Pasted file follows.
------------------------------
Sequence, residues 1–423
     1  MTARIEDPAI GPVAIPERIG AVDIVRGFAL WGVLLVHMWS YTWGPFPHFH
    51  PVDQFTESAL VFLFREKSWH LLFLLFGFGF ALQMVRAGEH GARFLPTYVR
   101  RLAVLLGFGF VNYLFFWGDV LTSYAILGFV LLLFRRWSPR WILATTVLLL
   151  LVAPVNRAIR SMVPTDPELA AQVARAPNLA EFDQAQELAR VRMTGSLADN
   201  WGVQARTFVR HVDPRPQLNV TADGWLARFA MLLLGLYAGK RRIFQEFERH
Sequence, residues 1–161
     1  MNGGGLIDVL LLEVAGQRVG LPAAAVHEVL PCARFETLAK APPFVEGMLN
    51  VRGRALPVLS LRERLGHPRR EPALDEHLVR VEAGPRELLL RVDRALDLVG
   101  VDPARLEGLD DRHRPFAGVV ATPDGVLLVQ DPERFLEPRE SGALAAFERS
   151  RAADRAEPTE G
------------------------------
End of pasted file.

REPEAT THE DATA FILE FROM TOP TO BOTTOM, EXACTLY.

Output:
Sequence, residues 1–423
     1  MTARIEDPAI GPVAIPERIG AVDIVRGFAL WGVLLVHMWS YTWGPFPHFH
    51  PVDQFTESAL VFLFREKSWH LLFLLFGFGF ALQMVRAGEH GARFLPTYVR
   101  RLAVLLGFGF VNYLFFWGDV LTSYAILGFV LLLFRRWSPR WILATTVLLL
   151  LVAPVNRAIR SMVPTDPELA AQVARAPNLA EFDQAQELAR VRMTGSLADN
   201  WGVQARTFVR HVDPRPQLNV TADGWLARFA MLLLGLYAGK RRIFQEFERH
Sequence, residues 1–161
     1  MNGGGLIDVL LLEVAGQRVG LPAAAVHEVL PCARFETLAK APPFVEGMLN
    51  VRGRALPVLS LRERLGHPRR EPALDEHLVR VEAGPRELLL RVDRALDLVG
   101  VDPARLEGLD DRHRPFAGVV ATPDGVLLVQ DPERFLEPRE SGALAAFERS
   151  RAADRAEPTE G